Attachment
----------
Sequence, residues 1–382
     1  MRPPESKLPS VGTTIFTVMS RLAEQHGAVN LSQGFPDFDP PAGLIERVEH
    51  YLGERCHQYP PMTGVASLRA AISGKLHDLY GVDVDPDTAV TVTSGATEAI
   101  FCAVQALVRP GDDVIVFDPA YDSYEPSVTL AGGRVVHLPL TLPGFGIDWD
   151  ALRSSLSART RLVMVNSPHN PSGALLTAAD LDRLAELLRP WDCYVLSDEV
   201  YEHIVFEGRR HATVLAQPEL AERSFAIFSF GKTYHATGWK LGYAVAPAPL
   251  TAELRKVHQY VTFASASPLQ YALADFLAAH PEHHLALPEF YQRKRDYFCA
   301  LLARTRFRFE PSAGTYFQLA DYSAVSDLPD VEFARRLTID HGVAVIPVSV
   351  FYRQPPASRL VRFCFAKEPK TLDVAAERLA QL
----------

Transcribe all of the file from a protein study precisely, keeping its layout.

Sequence, residues 1–382
     1  MRPPESKLPS VGTTIFTVMS RLAEQHGAVN LSQGFPDFDP PAGLIERVEH
    51  YLGERCHQYP PMTGVASLRA AISGKLHDLY GVDVDPDTAV TVTSGATEAI
   101  FCAVQALVRP GDDVIVFDPA YDSYEPSVTL AGGRVVHLPL TLPGFGIDWD
   151  ALRSSLSART RLVMVNSPHN PSGALLTAAD LDRLAELLRP WDCYVLSDEV
   201  YEHIVFEGRR HATVLAQPEL AERSFAIFSF GKTYHATGWK LGYAVAPAPL
   251  TAELRKVHQY VTFASASPLQ YALADFLAAH PEHHLALPEF YQRKRDYFCA
   301  LLARTRFRFE PSAGTYFQLA DYSAVSDLPD VEFARRLTID HGVAVIPVSV
   351  FYRQPPASRL VRFCFAKEPK TLDVAAERLA QL